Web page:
Video shows Nigerian girls

Boko Haram leader claims abductees converted

ABUJA – The girls sit quietly on the ground, dressed in traditional Islamic garb, barely moving, clearly scared.

“Praise be to Allah, the lord of the world,” they chant.

The video, released by French news agency Agence France-Presse, purports to show about 100 of the 276 girls kidnapped by Boko Haram fighters nearly a month ago. It’s the first time they’ve been seen since their abduction April 14.

Three girls are seen speaking in the video and one says the group have not been harmed.
Three girls are seen speaking in the video and one says the group have not been harmed.

In separate shots included in the 27-minute video, the group’s leader says he would release the girls only after imprisoned members of Boko Haram are freed, according to AFP. But Nigerian officials insisted today that the man in
the video can’t be Boko Haram leader Abubakar Shekau.

He’s dead, they said, although experts doubt the claim, as videos going back to last year show the same man calling himself Shekau. Whoever he is, Nigeria’s interior minister said the country isn’t interested in negotiating a swap, anyway, AFP reported.

If authentic, the video released today is the first glimpse of the girls since Boko Haram fighters snatched them from a boarding school in the northern Nigerian town of Chibok.

A senior administration official told CNN that American officials had no reason to question its authenticity.

“Our intelligence experts are combing over every detail of the video for clues that might help in the ongoing efforts [to] secure the release of the girls,” the official said.

The abductions have resulted in worldwide outrage directed at the terror group, and an influx of Western counterterrorism and law enforcement experts to help Nigeria fight it.

Filmed in a nondescript clearing surrounded by scrub and trees, the girls appear dressed in gray or black veils. Many look nervous or under duress. In one shot, a girl almost whispers a line from the Quran.

In separate shots filmed against a green backdrop, the man who claims to be Shekau says the girls – who come from a Christian stronghold – have converted to Islam.

Although the man appeared to open a window to the possibility of negotiating a swap –– the girls for Boko Haram prisoners held by Nigeria –– he also said he still plans to sell them into slavery.

Government officials today disputed that the man in the tape is Shekau.

Security forces have confirmed and are sure Shekau is dead, Marilyn Ogar, deputy director of State Security Services in Nigeria, told CNN. “So, whoever is speaking as Abubakar Shekau is not Abubakar Shekau.”

The same man appears in Boko Haram videos claiming to be Shekau at least as far back as August. And at least one expert doubted Ogar’s claim.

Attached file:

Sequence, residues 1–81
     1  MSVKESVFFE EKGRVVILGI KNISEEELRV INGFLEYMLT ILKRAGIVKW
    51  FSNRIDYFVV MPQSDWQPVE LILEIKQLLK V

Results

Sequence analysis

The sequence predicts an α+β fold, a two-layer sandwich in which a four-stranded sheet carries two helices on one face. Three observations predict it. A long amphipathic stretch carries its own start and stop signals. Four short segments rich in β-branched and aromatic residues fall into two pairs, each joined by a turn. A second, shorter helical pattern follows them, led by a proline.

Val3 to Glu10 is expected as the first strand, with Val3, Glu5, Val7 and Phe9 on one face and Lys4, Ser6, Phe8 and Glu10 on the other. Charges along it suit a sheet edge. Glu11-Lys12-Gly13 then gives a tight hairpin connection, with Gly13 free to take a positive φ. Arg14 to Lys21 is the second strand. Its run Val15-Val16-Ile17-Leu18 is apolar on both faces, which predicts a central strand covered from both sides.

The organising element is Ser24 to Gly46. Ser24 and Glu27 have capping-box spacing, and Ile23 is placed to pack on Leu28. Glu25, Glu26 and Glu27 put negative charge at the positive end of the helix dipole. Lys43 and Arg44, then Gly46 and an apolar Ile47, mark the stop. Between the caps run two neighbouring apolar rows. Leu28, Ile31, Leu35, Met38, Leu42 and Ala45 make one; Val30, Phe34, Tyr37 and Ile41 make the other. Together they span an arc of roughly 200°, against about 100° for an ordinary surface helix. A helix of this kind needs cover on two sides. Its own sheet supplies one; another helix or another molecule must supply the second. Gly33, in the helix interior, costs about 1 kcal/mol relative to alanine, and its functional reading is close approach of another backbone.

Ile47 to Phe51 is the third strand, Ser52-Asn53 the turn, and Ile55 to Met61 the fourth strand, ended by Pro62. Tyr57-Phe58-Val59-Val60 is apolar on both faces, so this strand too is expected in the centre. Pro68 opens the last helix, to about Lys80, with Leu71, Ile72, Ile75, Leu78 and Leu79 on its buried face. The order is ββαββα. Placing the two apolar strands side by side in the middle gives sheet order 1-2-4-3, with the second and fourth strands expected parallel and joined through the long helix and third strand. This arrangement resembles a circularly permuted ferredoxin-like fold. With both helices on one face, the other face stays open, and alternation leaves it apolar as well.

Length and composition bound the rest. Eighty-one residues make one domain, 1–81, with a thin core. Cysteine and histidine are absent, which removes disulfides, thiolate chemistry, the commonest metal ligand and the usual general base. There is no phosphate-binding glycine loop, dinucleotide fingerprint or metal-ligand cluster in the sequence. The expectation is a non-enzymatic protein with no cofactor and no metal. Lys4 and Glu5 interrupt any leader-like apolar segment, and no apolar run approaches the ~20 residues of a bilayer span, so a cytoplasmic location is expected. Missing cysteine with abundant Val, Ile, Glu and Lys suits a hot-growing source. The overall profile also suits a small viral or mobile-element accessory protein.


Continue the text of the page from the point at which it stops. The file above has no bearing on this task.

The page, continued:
Jacob Zenn, an expert on Boko Haram at the Jamestown Foundation, a policy centre based in Washington, said he was sceptical of the Nigerian claim unless it could be backed up with hard evidence.

He said Nigerian authorities have said Shekau was dead several times, only for him to resurface and for the Nigerian military subsequently to acknowledge he was alive.

“The two recent videos after the abduction of the girls look similar to most of the images, voice and mannerisms of Shekau in almost all Boko Haram videos, including videos when he was a local imam in northeastern Nigeria before 2010,” Zenn said.

If the government’s assertion turns out to be untrue, it wouldn’t be the first time it has been wrong about the terror group since the girls’ abductions. Early in their disappearance, government officials said many of the girls had been recovered – news that, sadly, turned out to be incorrect.

Some observers took the video as encouraging.

Not only would it prove that at least some girls are alive and unharmed, said retired United States Major General James “Spider” Marks, a CNN military analyst, it also gives intelligence analysts something with which to work.

Nigerian government officials also took notice. The governor of the state where Chibok is located, Borno, ordered officials to distribute the video to parents to help identify the girls.

Governor Kashim Shettima “views the development as encouraging especially given the fact that some of the girls said they were not harmed”, his office said in a statement. “The governor hopes that the girls did not speak under duress.”

Despite the optimism, Marks said it will still be painfully difficult to find and rescue the girls after a month in the terror group’s custody.

“We have to lower our expectations, sadly, as to what we think this result and outcome is going to look like,” he told CNN’s New Day.

The girls have been missing since Boko Haram militants took them from their school in Chibok.

A CNN team made the dangerous journey to Chibok to gather firsthand accounts of the abductions.

Before the gun-wielding Islamist militants rode into town, residents said they got cellphone calls that the feared extremist group was on the way. Family and friends from surrounding villages told them of a convoy of cargo trucks, pickups and motorcycles.

Residents said they passed along warnings to local authorities that night. Police called for reinforcements, but none came. Everyone, including police, fled into the bush. But the girls remained asleep in their dorms.

CNN’s Nima Elbagir toured the school, gutted by militants as they fled, and spoke with one of the girls who managed to escape Boko Haram fighters that night.

The girl told Elbagir how she made a dash for freedom after militants loaded them into trucks and drove them into the nearby Sambisa Forest.

“We ran into the bush,” she said of her escape with two others. (CNN)

Source: CNN

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